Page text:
The report suggests that the so-called troika responsible for the bailout program — the I.M.F., the European Commission and the European Central Bank — might have forced Greek bondholders to take a haircut on their bonds sooner, while noting the political opposition to that step. “Not tackling the public debt problem decisively at the outset or early in the program created uncertainty about the euro area’s capacity to resolve the crisis and likely aggravated the contraction in output,” the report states.

The report also said Greece might have benefited from less stringent fiscal targets, or targets spread out over a longer time frame. But that would have required billions more euros in support, the fund said, and that support clearly did not exist. Indeed, “the fiscal targets became even more ambitious once the downturn exceeded expectations,” the report said.

The initial Greek program ended up acting as a “holding operation,” buying time for Europe to try to limit the fallout, the report concludes.

The I.M.F. also expressed misgivings about the troika that financed and ran the bailout program.

“None of the partners seemed to view the arrangement as ideal,” it said, and they failed to establish a proper division of labor. Still, “the view of everybody involved on the inside is that given that these are three institutions that have not had a history of working in that way together, it worked surprisingly well,” Mr. Thomsen, the Greek mission chief, said. “It doesn’t mean it couldn’t work better.”

Article source: http://www.nytimes.com/2013/06/06/business/global/imf-concedes-major-missteps-in-bailout-of-greece.html?partner=rss&emc=rss

German Officials Welcome Offshore Tax Havens Leak

“I am pleased about these reports,” Finance Minister Wolfgang Schäuble said on German radio.

Berlin is hoping the disclosures will provide some leverage in the country’s efforts to drum up support for its long-running fight against international financial systems that make it easy for the wealthy to hide their money.

Germany has lobbied for years within international organizations, including the Group of 20 and the Organization for Economic Cooperation and Development, to clearly define tax havens in an effort to pressure such jurisdictions to fight tax avoidance and comply with money-laundering statutes and other measures aimed at dirty money. But the efforts have been hampered by reluctance among some of its international partners, including some within the European Union, that do not share the German sense of outrage.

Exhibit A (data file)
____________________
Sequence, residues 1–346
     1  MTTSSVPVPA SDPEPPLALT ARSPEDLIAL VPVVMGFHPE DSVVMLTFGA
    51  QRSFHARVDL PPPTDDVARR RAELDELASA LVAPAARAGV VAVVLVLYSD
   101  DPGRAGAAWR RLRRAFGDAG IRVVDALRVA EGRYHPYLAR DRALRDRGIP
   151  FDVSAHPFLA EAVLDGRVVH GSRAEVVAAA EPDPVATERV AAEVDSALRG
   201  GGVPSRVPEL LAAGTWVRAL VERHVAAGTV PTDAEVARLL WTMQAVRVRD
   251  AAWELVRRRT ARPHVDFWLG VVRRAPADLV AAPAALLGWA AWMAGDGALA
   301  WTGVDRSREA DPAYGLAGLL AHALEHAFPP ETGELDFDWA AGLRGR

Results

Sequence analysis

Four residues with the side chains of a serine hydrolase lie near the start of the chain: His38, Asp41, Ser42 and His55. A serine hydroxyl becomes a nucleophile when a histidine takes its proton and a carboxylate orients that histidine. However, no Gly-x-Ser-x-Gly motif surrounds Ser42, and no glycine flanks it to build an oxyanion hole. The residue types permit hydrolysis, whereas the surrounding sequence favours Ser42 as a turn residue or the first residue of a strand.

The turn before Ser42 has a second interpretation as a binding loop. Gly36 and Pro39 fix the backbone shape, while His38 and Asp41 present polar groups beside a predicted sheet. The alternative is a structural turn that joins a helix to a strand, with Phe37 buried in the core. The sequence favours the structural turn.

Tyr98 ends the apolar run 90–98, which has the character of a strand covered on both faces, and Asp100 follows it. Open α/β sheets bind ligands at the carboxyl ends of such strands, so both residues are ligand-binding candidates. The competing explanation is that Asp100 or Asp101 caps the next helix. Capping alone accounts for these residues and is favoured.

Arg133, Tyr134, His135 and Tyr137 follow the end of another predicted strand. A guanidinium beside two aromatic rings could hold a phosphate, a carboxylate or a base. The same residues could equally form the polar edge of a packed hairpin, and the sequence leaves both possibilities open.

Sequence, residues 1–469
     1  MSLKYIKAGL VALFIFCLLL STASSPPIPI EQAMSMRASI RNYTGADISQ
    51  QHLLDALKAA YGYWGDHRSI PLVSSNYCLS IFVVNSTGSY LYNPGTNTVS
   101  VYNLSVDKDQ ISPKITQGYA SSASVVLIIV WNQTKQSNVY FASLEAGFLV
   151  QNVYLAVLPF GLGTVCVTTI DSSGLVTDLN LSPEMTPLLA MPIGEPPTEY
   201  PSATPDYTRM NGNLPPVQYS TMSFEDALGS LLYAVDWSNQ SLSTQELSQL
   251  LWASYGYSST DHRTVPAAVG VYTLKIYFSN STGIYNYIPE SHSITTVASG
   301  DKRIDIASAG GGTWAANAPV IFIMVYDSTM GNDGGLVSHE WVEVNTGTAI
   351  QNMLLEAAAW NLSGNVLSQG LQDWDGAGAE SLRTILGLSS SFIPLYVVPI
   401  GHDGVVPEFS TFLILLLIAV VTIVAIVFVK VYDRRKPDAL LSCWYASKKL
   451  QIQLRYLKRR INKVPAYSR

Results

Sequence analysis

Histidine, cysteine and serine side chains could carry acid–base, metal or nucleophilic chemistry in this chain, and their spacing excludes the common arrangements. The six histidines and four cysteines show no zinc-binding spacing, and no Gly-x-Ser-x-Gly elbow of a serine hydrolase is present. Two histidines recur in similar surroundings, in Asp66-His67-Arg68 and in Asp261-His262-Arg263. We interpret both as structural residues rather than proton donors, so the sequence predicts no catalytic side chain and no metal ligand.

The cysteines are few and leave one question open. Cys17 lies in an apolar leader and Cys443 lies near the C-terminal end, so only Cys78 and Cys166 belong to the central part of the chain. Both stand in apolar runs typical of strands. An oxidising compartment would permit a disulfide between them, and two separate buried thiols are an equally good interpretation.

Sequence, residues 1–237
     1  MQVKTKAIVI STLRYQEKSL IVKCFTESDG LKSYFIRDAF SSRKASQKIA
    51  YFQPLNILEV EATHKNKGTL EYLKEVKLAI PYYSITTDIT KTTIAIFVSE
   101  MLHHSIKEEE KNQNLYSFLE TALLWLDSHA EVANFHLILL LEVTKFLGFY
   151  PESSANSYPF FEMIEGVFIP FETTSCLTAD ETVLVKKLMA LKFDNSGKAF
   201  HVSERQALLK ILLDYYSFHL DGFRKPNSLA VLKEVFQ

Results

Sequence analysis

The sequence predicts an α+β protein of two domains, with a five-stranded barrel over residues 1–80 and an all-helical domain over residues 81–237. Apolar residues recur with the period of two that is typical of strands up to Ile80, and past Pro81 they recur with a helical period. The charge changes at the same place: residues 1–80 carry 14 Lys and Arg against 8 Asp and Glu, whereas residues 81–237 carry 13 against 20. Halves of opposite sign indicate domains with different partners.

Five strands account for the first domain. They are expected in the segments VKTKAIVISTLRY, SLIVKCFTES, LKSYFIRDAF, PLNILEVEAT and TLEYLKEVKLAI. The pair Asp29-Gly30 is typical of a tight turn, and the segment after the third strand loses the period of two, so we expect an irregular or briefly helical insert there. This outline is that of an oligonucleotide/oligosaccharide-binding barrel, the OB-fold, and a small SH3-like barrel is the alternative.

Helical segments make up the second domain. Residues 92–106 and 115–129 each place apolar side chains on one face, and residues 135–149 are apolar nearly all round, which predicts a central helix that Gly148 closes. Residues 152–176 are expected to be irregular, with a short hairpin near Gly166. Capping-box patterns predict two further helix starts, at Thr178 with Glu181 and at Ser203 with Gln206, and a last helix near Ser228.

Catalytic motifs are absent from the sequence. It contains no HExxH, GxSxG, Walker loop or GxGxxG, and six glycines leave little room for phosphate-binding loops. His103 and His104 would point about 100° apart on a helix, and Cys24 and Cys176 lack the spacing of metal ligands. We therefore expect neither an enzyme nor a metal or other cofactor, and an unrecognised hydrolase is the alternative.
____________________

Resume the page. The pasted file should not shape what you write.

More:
“I think that such things as have been made known will increase the pressure internationally, and we will be able to increase the cooperation with those who have been more reticent,” Mr. Schäuble said in an interview with Deutschlandfunk radio.

He was among those who made sure that Cyprus, the tax haven that received a bailout last month, would impose levies on its largest depositors in exchange for the European Union’s support. “We don’t like this business model, and we hope it is not successful,” Mr. Schäuble said. “And when it becomes insolvent, as in Cyprus, they can’t expect it to keep being financed.”

But the information that has trickled out has also tarnished German banks, and clearly the German authorities hoped to use the leak to gain ground in their own struggle to bring tax evaders to justice. Many Germans are listed among the wealthy in the data dump that was obtained by the International Consortium of Investigative Journalists, based in Washington, and shared with select news media outlets around the globe, including two in Germany.

Economic justice has been a hot topic in Germany. The nation’s sense of social justice is strong, and the government has gone to great lengths to obtain information about its wealthiest residents who sneak money into Switzerland or Liechtenstein in order to avoid the country’s hefty income tax, which can be as high as 45 percent.

German banks, too, may feel the pressure from the release of the information, which states that international financial institutions have “aggressively worked” to help wealthy clients use offshore banking facilities in places like the British Virgin Islands. Deutsche Bank, Germany’s largest lender, vigorously defended the legality of its management services and insisted that clients were advised to properly report all of their taxes.

Mr. Schäuble conceded that the information in the report was not necessarily evidence of wrongdoing. He nevertheless called for the German news outlets with access to the information to make it available to the authorities.

The leaked records reported on Thursday include data mainly from the British Virgin Islands, the Cook Islands and Singapore. Not all of those named necessarily have secret bank accounts. Some only conducted business through companies they control that are registered offshore.

Article source: http://www.nytimes.com/2013/04/06/world/europe/german-officials-welcome-offshore-tax-havens-leak.html?partner=rss&emc=rss

Economic Scene: Studies Highlight Benefits of Early Education

The chart showed the results of cognitive tests that were first performed in the 1980s on several hundred low-birthweight 3-year-olds, who were then retested at ages 5, 8 and 18.

Children of mothers who had graduated from college scored much higher at age 3 than those whose mothers had dropped out of high school, proof of the advantage for young children of living in rich, stimulating environments.

More surprising is that the difference in cognitive performance was just as big at age 18 as it had been at age 3.

“The gap is there before kids walk into kindergarten,” Mr. Heckman told me. “School neither increases nor reduces it.”

If education is supposed to help redress inequities at birth and improve the lot of disadvantaged children as they grow up, it is not doing its job.